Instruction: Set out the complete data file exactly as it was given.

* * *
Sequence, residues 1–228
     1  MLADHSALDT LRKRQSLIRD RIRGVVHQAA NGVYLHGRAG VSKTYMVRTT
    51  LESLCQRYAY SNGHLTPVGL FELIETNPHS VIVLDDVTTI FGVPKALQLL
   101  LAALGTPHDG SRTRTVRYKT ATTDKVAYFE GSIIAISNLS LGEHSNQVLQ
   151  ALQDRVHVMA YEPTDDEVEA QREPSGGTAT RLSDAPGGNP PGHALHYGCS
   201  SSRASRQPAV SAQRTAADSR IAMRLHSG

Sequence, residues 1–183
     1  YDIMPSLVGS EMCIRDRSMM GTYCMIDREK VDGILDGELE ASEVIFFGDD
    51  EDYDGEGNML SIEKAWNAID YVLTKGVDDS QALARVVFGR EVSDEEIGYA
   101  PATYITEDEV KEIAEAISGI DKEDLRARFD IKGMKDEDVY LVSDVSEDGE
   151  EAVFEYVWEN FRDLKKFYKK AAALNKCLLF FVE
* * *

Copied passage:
Sequence, residues 1–228
     1  MLADHSALDT LRKRQSLIRD RIRGVVHQAA NGVYLHGRAG VSKTYMVRTT
    51  LESLCQRYAY SNGHLTPVGL FELIETNPHS VIVLDDVTTI FGVPKALQLL
   101  LAALGTPHDG SRTRTVRYKT ATTDKVAYFE GSIIAISNLS LGEHSNQVLQ
   151  ALQDRVHVMA YEPTDDEVEA QREPSGGTAT RLSDAPGGNP PGHALHYGCS
   201  SSRASRQPAV SAQRTAADSR IAMRLHSG

Sequence, residues 1–183
     1  YDIMPSLVGS EMCIRDRSMM GTYCMIDREK VDGILDGELE ASEVIFFGDD
    51  EDYDGEGNML SIEKAWNAID YVLTKGVDDS QALARVVFGR EVSDEEIGYA
   101  PATYITEDEV KEIAEAISGI DKEDLRARFD IKGMKDEDVY LVSDVSEDGE
   151  EAVFEYVWEN FRDLKKFYKK AAALNKCLLF FVE